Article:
The greatest tragedy to befall Georgia since its independence is the secession of Abkhazia (Apsny or Apswa in Abkhazian, Apkhazeti in Georgian), and the bloodshed and misery this has brought about.
Once the jewel of the ‘Soviet Riviera’ along the Black Sea coast, today this de facto independent republic is still getting over the devastation of the 1992–93 war, with less than half its prewar population of 535,000. Russian tourism, investment and aid have boomed since the 2008 South Ossetia War. By 2011 Abkhazia was internally much more stable, with few reports of gangsterism or violent incidents. It had also become relatively easy for foreign travellers to visit, although the British Foreign Office (www.fco.gov.uk) and US State Department (travel.state.gov) still advised against it.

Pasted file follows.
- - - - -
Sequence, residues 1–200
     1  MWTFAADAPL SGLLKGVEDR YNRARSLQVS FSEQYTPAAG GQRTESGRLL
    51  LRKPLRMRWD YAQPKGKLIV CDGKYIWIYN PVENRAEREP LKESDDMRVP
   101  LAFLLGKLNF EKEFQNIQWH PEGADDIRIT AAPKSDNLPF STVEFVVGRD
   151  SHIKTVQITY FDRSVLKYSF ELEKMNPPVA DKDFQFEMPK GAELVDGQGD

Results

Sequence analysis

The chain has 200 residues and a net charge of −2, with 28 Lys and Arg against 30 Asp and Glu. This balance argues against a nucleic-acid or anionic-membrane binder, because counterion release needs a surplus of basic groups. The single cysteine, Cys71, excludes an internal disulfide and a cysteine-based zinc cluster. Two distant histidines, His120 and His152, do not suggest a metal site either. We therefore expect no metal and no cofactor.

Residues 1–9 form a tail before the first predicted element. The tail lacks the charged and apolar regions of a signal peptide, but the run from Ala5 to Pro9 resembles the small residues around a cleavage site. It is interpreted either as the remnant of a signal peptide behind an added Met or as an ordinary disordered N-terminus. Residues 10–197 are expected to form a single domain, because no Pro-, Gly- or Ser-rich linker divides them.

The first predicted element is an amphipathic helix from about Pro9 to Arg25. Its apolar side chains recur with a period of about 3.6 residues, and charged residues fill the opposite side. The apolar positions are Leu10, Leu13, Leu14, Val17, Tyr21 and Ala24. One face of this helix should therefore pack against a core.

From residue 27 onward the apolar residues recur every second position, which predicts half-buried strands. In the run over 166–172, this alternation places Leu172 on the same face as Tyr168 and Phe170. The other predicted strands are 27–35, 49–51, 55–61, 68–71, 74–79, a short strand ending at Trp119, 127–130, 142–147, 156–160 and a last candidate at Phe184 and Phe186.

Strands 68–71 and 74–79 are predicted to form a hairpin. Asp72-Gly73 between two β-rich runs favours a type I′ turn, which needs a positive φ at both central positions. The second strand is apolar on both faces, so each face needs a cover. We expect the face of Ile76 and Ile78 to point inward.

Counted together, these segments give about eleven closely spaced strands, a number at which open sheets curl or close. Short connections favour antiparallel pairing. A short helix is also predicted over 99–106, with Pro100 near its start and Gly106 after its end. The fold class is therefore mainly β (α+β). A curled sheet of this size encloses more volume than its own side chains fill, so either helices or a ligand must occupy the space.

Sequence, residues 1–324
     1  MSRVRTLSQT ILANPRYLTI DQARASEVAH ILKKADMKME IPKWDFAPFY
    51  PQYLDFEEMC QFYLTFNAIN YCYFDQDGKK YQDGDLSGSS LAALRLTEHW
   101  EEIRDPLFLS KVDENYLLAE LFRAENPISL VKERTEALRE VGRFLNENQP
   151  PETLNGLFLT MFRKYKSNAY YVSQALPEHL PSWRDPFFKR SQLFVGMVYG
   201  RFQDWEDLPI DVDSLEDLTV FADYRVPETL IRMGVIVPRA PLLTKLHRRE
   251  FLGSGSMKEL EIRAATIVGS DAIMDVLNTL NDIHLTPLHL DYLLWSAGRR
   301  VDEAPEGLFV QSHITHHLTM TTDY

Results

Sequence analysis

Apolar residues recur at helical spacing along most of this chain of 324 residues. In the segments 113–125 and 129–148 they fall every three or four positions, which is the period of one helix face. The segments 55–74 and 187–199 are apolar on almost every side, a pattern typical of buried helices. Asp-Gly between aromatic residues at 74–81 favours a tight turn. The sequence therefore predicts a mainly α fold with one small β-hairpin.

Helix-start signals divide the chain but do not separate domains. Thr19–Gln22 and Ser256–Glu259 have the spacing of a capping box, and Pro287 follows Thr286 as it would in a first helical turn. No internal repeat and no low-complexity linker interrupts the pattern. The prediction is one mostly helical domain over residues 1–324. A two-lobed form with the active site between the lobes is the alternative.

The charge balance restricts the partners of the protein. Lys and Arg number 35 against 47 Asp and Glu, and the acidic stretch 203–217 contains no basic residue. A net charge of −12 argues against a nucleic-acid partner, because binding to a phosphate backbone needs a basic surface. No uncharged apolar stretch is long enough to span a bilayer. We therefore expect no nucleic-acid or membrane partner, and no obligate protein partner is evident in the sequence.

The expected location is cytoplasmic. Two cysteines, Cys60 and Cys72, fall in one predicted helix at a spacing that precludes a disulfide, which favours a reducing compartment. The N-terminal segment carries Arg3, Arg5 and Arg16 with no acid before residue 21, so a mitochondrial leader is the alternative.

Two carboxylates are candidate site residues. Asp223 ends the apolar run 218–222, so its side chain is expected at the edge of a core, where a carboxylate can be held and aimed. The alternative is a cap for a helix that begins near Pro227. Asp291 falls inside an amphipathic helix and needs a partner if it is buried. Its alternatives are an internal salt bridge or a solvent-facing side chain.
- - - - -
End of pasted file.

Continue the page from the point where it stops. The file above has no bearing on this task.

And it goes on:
Abkhazia’s towns still have a strangely underpopulated feel, but the coast and countryside are beautiful, and just being inside this curious territory with a throwback Soviet atmosphere is an intriguing experience.
Check recent news and travellers’ reports, such as on the Thorn Tree forum on lonely planet.com. It is always possible that tensions or violence may flare up again in the southern Gali region or elsewhere in Abkhazia. Abkhazia’s official tourism site, http://abkhazia.travel, is worth a look but is not always up to date.